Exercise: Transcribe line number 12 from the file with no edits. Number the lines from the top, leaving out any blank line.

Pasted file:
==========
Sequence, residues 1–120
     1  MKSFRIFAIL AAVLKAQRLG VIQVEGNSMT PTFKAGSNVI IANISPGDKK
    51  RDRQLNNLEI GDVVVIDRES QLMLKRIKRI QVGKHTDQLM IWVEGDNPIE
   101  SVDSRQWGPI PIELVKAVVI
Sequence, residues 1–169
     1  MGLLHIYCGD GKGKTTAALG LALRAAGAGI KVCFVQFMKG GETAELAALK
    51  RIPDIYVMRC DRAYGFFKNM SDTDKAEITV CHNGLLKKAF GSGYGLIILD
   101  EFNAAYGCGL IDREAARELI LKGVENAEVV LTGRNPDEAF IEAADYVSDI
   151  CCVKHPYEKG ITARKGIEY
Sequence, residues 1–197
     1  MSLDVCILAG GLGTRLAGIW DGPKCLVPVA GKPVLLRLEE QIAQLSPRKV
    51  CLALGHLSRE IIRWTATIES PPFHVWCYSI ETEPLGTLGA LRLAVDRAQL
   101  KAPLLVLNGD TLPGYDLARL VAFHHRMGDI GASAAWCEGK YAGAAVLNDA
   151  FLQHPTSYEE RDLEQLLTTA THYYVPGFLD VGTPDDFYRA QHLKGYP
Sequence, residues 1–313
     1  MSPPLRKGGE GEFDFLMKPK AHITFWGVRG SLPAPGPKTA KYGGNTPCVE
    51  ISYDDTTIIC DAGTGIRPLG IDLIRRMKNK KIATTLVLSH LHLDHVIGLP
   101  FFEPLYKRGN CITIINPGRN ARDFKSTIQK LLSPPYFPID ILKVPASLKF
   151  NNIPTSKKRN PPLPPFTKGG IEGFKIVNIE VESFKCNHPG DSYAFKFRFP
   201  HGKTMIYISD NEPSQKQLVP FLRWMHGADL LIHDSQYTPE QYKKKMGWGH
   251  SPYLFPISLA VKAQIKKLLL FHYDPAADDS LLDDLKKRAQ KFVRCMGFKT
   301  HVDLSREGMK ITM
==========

    51  CLALGHLSRE IIRWTATIES PPFHVWCYSI ETEPLGTLGA LRLAVDRAQL